Election Day 2016 is High Noon for America and this time we can’t let Marshal Hillary face the outlaw alone. Ok, so Hillary is not exactly Gary Cooper and Bill Clinton is certainly not Grace Kelly, but the villain played by Ian McDonald also doesn’t look anything like Donald Trump. None of that matters, because our America is in danger, just like Hadleyville. Whether Democrat or Republican, Independent or Green; Whether you love or distrust Marshal Hillary or even if you are willing to forgive the villain his past transgressions, we must not let Donald Trump take over our town! Our marshal knows that it is the citizens, however intimidated, who own Hadleyville, and that she is not a one-woman reality show. November 8 is High Noon, and this time, we are all her deputies! Note to all Western fans: please explain to the rest of the country.
Propelled, or rather held back by our overwhelming national rejection of acting in Syria or elsewhere outside the United States, we Americans are taking another step toward a new world order of our own making. In this new order, Russia and China set the standards for international behavior and the Syrias, North Koreas, and Irans are empowered by Russian and Chinese rules. The United States meanwhile voices the occasional world opinion and even sets some redlines when it comes to unacceptable behavior, but accepts that our full national power will not be used unless our homeland itself is once again directly under attack. This new reality is not the result of comments by our Secretary of State or by the decisions of the President of the United States, but a direct consequence of the vast majority opinion of the American people. Historians will of course remind us that we have been exhausted by foreign entanglements before before, since our very founding in fact, and since both after WWI and WWII, and at many other junctures of history. They will also acknowledge that the times we have gone to war and lost precious blood and treasure, have made us justifiably weary of the next hostile engagement.
I am among the apparent minority of Americans who do do not wish to accept such a new world order. I am proud that we engaged in and won both WWII and the Cold War. I am proud that we fought Communist totalitarianism and global terror. I am delighted that we threw Saddam Hussain out of Kuwait and that we dislodged Slobodan Milosevic and brought him to Justice for his crimes against humanity. Our country paid a price for its victories as well as its failures. Clearly not every one of our engagements was wise. But our intentions and our principles were. There used to be a time when the U.S. set international parameters for acceptable behavior, and both our friend and foes paid very close attention. The 20th century was the American Century and I firmly believe that the world will be a better place if the 21st is so as well.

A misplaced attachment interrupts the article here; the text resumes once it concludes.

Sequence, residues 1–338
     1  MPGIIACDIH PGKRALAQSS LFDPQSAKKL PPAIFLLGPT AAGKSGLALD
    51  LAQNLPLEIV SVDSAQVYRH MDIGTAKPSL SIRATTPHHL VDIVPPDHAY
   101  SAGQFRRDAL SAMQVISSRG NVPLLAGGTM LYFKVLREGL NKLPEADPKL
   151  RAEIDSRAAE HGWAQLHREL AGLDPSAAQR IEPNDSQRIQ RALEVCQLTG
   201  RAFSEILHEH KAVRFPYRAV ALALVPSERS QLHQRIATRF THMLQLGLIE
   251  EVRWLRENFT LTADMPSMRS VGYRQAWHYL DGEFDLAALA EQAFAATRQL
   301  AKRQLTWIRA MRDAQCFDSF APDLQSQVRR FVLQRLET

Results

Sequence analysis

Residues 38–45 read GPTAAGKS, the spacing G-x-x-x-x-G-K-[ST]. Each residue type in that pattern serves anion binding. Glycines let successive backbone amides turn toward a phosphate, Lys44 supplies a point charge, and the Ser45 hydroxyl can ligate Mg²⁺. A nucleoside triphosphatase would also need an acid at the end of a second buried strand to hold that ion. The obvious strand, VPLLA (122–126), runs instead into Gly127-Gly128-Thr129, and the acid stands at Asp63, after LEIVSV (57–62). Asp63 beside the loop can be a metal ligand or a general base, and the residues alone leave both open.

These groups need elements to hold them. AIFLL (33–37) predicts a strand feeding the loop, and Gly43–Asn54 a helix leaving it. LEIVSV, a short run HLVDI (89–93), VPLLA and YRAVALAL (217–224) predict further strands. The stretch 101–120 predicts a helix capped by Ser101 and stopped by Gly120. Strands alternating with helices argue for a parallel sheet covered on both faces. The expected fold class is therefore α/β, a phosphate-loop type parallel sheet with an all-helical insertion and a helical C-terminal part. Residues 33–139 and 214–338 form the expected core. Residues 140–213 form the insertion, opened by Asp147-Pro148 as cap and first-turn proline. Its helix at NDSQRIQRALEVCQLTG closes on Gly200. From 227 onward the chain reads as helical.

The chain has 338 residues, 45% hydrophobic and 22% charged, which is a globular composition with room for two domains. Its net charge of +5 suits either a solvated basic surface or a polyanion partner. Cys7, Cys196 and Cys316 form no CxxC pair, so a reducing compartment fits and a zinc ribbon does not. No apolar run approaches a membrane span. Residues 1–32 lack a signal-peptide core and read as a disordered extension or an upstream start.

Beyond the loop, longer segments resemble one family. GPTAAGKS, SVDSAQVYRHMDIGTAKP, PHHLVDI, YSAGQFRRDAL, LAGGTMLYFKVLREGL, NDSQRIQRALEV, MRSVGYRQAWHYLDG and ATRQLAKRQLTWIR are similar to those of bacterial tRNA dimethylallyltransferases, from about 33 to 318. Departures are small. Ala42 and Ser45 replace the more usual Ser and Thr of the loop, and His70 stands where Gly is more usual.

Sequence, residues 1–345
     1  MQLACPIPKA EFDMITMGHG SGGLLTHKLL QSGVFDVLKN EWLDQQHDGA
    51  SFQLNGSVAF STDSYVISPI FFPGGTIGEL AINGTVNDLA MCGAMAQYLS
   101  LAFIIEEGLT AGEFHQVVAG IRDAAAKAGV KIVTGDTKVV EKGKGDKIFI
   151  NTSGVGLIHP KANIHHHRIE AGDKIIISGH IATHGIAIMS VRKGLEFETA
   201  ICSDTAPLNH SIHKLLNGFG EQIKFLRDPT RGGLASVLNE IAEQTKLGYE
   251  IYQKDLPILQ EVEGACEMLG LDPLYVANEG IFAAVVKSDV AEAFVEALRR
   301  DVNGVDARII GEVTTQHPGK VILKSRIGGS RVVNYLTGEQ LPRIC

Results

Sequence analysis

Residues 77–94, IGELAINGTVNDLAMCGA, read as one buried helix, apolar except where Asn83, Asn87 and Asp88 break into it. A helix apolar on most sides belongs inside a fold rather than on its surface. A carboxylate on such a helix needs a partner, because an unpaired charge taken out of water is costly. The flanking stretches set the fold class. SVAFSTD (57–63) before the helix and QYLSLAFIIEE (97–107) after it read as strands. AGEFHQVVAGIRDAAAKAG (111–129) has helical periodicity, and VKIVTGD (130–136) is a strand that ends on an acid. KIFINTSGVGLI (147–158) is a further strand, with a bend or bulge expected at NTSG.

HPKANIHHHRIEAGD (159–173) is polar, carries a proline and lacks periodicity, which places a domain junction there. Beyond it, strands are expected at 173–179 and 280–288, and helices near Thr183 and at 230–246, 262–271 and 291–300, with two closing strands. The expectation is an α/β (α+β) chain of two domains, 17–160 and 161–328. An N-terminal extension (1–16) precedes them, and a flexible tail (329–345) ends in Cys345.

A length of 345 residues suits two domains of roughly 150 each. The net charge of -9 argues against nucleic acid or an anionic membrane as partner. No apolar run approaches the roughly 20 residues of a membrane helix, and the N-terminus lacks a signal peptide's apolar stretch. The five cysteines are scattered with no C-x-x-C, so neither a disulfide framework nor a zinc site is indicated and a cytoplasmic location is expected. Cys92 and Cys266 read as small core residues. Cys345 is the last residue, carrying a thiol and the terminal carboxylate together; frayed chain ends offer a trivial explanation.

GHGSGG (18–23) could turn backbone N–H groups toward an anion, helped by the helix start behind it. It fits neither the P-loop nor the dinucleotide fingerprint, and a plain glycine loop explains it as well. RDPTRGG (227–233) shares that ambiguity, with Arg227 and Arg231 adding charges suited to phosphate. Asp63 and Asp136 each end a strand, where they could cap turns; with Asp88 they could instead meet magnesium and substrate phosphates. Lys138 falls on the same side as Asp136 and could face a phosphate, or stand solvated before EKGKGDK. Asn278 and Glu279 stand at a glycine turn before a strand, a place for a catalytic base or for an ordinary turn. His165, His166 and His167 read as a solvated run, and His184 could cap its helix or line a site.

On Syria we are now reduced to being lectured by an autocratic Russian leader on peace, democracy and international law! And rather than standing forcefully against a regime that has taken to kill its own people, we are breathing a sigh of relief that Russia has offered us a way out of acting on our convictions by engaging in Russian/Syrian “diplomacy” instead. In the end, the most serious consequences of this sad state of affairs are not the loss of credibility of the United States or our President or even the message our inaction conveys to repressive regimes around the globe. The real tragedy is that we seem to have lost something that we Americans have long stood for: the conviction that the whole world is entitled to certain inalienable rights and that we are the champions of these rights.
Today, our leaders are delivering to us, step by step, the America we are asking for: a nation that looks inward, that is less confident, that feels economically pressured, and just no longer sees itself as that exceptional, indispensable nation. We will not like the world we are allowing to be built by others who don’t share our values.
I am back. On July 22 this year I departed Estonia for the last time as U.S. Ambassador and launched the transition from 35 years in my country’s Diplomatic Service into my new life as a private sector diplomat. On October 1, I joined the new McCain Institute for International Leadership as Senior Director. Located in Washington, D.C. and supported initially by a $9 million gift from the McCain Institute Foundation, we are part of Arizona State University (ASU), America’s largest public university. Our mission is to advance leadership based on security, economic opportunity, freedom, and human dignity, in the United States and around the world.